“I will open my mouth in parables, I will utter what has been hidden since the foundation of the world.” Matt 13:35
“He began to teach them many things in parables.” Mark 4:2
“But without a parable spake he not unto them: and when they were alone, he expounded all things to his disciples.” Mark 4:35
Communicating with Images and Stories
Like the rabbis of his time, Jesus used simple word-pictures, called parables, to help people understand who God is and what his kingdom or reign is like. Jesus used images and characters taken from everyday life to create a miniature play or drama to illustrate his message. This was Jesus most common way of teaching. His stories appealed to the young and old, poor and rich, and to the learned and unlearned as well.
Over a third of the Gospels by Matthew, Mark, and Luke contain parables told by Jesus. Jesus loved to use illustrations to reach the heart of his listeners through their imagination. These word-pictures challenged the mind to discover anew what God is like and moved the heart to make a response to God’s love and truth. Like a skillful artist, Jesus painted lively pictures with short and simple words.
A good picture can speak more loudly and clearly than many words. Jesus used the ordinary everyday to point to another order of reality – hidden, yet visible to those who had “eyes to see” and “ears to hear”. Jesus communicated with pictures and stories, vivid illustrations which captured the imaginations of his audience more powerfully than an abstract presentation could. His parables are like buried treasure waiting to be discovered. (Matt 13:44)
How can ordinary everyday images and stories, such as hidden treasure, a tiny mustard seed, a determined woman looking for her lost coin, a barren fig tree, a pearl of great price, and some uninvited wedding guests, portray timeless and extraordinary truths? Jesus taught by use of comparisons. “To what shall we compare the kingdom of God, or what parable can we use for it? It is like a mustard seed…” (Mark 4:30-31)
God’s kingdom or reign is like what happens in Jesus’ stories. The comparisons have to do with a whole process, and not simply with an object or person alone. While his parables are rooted in a specific time and place, they nonetheless speak of timeless realities to people of every time and place. They underline the fact that God works in every age and he meets us in the ordinary everyday situations of life.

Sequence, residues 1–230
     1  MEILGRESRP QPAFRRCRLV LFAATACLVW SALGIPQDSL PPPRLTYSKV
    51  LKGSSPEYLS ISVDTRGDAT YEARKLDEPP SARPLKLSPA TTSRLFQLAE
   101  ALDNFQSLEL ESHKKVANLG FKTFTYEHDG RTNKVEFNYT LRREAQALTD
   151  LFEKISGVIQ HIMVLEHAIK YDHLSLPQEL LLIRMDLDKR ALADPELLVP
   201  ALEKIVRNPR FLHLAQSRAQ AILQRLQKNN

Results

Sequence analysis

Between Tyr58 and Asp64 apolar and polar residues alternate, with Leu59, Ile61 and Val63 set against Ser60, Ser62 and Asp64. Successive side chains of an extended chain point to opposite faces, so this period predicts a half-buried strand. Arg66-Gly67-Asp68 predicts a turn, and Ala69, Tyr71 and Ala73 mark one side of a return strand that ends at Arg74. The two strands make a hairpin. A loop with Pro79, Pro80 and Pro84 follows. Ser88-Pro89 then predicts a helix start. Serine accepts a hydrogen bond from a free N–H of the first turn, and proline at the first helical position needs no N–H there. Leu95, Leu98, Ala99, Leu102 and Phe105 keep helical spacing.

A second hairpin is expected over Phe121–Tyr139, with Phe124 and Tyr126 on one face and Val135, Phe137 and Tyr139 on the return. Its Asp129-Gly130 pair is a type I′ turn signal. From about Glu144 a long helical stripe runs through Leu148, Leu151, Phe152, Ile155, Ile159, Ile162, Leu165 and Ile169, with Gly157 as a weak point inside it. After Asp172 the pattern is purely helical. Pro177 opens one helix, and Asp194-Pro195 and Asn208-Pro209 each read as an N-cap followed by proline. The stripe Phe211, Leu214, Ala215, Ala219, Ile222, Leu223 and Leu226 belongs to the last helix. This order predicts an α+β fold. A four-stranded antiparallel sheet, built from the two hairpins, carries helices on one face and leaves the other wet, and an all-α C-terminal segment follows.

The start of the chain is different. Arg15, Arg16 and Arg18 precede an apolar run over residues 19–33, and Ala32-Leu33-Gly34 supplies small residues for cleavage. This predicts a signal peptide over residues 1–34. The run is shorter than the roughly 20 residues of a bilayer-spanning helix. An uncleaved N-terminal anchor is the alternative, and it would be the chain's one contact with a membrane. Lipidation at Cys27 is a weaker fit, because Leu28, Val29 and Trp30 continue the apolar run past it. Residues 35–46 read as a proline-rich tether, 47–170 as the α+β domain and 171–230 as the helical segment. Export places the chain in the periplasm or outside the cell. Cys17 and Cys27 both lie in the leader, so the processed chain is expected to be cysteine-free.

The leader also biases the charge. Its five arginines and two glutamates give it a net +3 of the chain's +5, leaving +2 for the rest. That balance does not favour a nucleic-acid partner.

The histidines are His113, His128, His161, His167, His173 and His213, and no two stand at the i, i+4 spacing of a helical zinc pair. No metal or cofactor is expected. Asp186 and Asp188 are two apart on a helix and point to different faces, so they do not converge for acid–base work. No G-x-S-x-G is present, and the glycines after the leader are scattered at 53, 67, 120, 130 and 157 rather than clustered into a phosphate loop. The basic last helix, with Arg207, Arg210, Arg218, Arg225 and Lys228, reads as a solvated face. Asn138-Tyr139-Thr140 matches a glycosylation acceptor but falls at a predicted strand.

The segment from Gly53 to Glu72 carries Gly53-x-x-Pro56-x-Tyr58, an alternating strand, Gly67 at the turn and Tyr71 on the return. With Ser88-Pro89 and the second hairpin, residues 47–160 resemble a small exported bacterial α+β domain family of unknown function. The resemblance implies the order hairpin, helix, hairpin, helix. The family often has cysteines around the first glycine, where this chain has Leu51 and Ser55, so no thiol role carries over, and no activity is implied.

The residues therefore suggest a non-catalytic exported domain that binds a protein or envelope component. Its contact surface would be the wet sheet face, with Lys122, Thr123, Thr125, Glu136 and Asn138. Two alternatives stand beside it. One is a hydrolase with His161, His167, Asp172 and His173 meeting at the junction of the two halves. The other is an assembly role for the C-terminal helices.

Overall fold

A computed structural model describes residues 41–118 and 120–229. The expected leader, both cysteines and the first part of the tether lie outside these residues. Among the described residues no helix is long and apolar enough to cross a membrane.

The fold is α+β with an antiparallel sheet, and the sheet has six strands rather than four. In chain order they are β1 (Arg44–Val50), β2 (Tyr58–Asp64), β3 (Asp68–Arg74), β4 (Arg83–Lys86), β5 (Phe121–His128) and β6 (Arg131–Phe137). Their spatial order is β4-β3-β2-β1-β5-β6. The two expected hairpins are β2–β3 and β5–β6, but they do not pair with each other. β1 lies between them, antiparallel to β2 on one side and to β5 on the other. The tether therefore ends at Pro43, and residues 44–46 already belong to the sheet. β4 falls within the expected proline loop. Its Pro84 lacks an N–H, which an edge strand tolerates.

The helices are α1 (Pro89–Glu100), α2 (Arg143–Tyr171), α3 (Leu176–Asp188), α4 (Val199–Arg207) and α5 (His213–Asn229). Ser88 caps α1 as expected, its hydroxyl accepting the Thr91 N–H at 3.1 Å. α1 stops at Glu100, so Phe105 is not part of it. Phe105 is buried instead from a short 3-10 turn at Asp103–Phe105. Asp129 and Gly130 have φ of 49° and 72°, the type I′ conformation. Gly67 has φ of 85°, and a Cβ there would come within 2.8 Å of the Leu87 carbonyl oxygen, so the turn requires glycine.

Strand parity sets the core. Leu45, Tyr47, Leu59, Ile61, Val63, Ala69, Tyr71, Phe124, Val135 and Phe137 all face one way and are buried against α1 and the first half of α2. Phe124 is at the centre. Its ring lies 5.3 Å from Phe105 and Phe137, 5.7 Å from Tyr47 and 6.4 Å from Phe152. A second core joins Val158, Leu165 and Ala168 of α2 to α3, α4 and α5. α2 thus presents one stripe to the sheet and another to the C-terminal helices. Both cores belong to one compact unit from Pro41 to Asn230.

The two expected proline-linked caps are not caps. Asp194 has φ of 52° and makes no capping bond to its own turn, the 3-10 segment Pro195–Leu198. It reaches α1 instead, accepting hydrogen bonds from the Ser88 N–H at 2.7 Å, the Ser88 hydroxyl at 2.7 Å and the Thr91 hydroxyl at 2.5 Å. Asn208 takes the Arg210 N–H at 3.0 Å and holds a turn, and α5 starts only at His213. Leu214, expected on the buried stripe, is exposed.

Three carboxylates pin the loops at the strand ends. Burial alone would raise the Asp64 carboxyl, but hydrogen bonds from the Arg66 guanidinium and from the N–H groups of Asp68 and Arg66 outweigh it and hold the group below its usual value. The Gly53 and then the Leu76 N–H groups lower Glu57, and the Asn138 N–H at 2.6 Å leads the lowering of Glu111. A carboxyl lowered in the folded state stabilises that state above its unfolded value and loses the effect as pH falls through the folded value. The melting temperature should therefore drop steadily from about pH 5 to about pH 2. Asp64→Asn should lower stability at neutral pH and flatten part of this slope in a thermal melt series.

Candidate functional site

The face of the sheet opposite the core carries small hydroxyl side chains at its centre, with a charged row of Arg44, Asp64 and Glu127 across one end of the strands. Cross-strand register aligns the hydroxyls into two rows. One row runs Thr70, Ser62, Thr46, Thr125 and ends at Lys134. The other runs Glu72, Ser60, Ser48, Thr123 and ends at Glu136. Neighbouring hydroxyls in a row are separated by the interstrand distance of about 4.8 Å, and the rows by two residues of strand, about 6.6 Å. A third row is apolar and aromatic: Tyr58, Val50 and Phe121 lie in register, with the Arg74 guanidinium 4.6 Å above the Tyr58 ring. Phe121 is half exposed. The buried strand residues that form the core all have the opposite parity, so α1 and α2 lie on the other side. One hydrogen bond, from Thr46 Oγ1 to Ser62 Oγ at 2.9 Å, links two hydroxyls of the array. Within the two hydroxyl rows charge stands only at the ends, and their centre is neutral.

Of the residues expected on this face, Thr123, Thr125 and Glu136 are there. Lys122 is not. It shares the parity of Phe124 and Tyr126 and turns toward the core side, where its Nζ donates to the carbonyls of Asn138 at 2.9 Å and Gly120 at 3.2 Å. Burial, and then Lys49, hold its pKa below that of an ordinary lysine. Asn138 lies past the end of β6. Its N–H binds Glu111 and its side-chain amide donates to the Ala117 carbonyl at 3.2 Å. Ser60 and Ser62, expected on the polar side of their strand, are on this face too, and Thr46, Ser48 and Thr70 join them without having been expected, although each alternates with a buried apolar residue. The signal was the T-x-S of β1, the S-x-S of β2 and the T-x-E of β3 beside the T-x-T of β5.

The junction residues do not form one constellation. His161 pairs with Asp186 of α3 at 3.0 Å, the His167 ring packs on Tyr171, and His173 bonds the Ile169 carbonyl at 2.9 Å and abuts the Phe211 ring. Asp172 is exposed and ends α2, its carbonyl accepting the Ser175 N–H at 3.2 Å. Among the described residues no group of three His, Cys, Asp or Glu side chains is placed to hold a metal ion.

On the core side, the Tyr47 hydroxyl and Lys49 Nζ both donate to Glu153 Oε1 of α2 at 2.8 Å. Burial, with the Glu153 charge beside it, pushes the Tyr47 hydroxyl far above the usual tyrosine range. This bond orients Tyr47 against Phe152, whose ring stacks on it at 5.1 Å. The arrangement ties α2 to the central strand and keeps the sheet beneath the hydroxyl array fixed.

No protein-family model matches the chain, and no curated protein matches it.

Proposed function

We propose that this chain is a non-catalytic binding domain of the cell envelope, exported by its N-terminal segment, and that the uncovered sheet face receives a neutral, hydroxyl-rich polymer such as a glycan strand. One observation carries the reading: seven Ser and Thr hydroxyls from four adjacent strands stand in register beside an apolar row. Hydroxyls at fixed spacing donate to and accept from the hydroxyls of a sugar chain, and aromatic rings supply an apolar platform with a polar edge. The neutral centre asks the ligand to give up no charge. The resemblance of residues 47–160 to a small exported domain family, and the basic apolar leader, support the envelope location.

What is a Parable?
A parable is a word-picture which uses an image or story to illustrate a truth or lesson. It creates a mini-drama in picture language that describes the reality being illustrated. It shows a likeness between the image of an illustration and the object being portrayed. It defines the unknown by using the known. It helps the listener to discover the deeper meaning and underlying truth of the reality being portrayed. It can be a figure of speech or comparison, such as “the kingdom of God ..is like a mustard seed ..or like yeast” (Luke 13:19, 21)
More commonly it is a short story told to bring out a lesson or moral. Jesus used simple stories or images to convey important truths about God and his kingdom, and lessons pertaining to the way of life and happiness which God has for us. They commonly feature examples or illustrations from daily life in ancient Palestine, such as mustard seeds and fig trees, wineskins and oil lamps, money and treasure, stewards, workers, judges, and homemakers, wedding parties and children’s games. Jesus’ audience would be very familiar with these illustrations from everyday life. Today we have to do some homework to understand the social customs described.
Jesus’ parables have a double meaning. First, there is the literal meaning, apparent to anyone who has experience with the subject matter. But beyond the literal meaning lies a deeper meaning – a beneath-the-surface lesson about God’s truth and his kingdom. For example, the parable of the leaven (see Matt 13:33) describes the simple transformation of dough into bread by the inclusion of the yeast.
In like manner, we are transformed by God’s kingdom when we allow his word and Spirit to take root in our hearts. And in turn we are called to be leaven that transforms the society in which we live and work. Jerome, an early church father and biblical scholar remarked: “The marrow of a parable is different from the promise of its surface, and like as gold is sought for in the earth, the kernel in a nut and the hidden fruit in the prickly covering of chestnuts, so in parables we must search more deeply after the divine meaning.”
Jesus’ parables often involve an element of surprise or an unexpected twist. We are taken off guard by the progression of the story. The parable moves from the very familiar and understandable aspects of experience to a sudden turn of events or a remarkable comparison which challenges the hearer and invites further reflection. For example, why should a shepherd go through a lot of bother and even risk his life to find one lost sheep when ninety-nine are in his safe keeping? The shepherd’s concern for one lost sheep and his willingness to risk his own life for it tells us a lot about God’s concern for his children who go astray.